Monthly Features

Are You A Potential College Athlete? If So, The NCAA Clearinghouse may be for you!

The National Center for College Costs has helped client families navigate the complex federal methodology used for need-based financial aid for almost two decades and helped them find colleges that meet each student’s academic and financial needs. This year, as in all years, there are graduating seniors who plan to compete athletically at NCAA-affiliated institutions. Some will receive partial or full scholarships to help reduce their college costs. In order to pull down athletic scholarships these students must meet the freshman eligibility standards outlined by the NCAA Eligibility Center.

Athletes who will play at the Division I and Division II levels must meet the criteria in three general academic categories in order to be eligible for competition their freshman year: core courses, test scores, and grade point averages are considered. Division III athletes are not required to meet these criteria and complete the NCAA clearinghouse process, but rather must meet the student-athlete guidelines for their respective institutions.

Core Courses:
To qualify for the NCAA Clearinghouse, students must pass at least 16 core courses in high school. These courses are 4 years of English, 3 years of math, 2 years, of science, 1 extra science or English class, and 6 other courses. Every athlete should go to or to verify that their courses meet the requirements.

Test Scores:
The NCAA accepts both SAT and ACT test scores. Test scores must be sent directly to the NCAA Eligibility Center by the testing agency. Test scores that appear on transcripts will not be used. When registering for the SAT or ACT, use the Eligibility Center code of 9999 to make sure the score is reported to the Eligibility Center. Division I has a sliding scale for test scores and grade point average. Division II schools require a minimum SAT score of 820 and an ACT sum score of 68. The critical reading and math scores are the only SAT components considered by the NCAA when determining eligibility. The writing section is not considered at this time. The ACT score used for NCAA purposes is the sum of the four sections on the ACT: English, mathematics, reading, and science.

Grade Point Average:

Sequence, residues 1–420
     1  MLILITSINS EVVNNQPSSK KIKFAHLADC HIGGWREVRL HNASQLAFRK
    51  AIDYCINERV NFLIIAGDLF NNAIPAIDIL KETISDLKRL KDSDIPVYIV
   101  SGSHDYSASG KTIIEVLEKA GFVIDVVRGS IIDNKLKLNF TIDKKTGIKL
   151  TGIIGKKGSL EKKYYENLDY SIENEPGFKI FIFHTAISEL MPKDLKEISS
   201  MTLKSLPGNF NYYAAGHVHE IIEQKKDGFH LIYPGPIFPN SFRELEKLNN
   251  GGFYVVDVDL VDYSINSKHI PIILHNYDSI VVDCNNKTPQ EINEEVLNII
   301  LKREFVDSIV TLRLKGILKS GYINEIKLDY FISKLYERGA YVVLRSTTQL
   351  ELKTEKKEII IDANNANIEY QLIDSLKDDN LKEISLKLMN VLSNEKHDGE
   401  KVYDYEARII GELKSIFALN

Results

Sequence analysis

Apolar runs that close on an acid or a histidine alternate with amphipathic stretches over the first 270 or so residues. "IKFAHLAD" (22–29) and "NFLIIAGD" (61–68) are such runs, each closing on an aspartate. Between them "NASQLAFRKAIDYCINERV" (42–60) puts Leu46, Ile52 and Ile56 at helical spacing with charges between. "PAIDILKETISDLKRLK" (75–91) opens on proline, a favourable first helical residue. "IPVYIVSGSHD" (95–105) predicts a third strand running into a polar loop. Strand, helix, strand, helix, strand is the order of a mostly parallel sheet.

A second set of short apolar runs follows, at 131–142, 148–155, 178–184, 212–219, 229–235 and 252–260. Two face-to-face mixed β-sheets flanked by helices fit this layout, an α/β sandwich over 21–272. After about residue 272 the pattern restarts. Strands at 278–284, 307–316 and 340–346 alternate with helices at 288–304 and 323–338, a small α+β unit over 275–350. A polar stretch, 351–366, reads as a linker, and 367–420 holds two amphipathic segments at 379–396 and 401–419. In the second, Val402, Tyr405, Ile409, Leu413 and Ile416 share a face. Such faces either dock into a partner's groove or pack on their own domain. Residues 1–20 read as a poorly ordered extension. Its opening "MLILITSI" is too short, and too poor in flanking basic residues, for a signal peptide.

Only core courses are used in the calculation of the grade-point average. Be sure to look at your high school’s list of NCAA-approved core courses on the Eligibility Center’s website to make certain that courses being taken have been approved as core courses. The website is Like test scores, Division I schools look at a student- athlete’s GPA on a sliding scale. Division II institutions require a 2.3 minimum GPA if you register after August 1st and a 2.0 minimum if you register before then. The sliding scales for test scores and grade point average can be found at then click “Guide for the College-Bound Student-Athlete.”

Students enrolling at an NCAA Division I or Division II institution for the first time also need to complete the amateurism questionnaire through the Eligibility Center website. Students need to request final amateurism certification prior to enrollment.

The NCAA Eligibility Center wants to ensure that all institutions and their student-athletes meet the necessary guidelines. This article details the basic parameters that must be met by all freshman student-athletes entering a college affiliated with the NCAA on or after August 1, 2016. Again, please go to to be sure that all additional requirements are met. Any prospective college student may register with the Eligibility Center once the junior year is completed, but this process needs to be completed immediately by any senior who plans to compete next fall.

Good Luck!

Publication Date: August 2016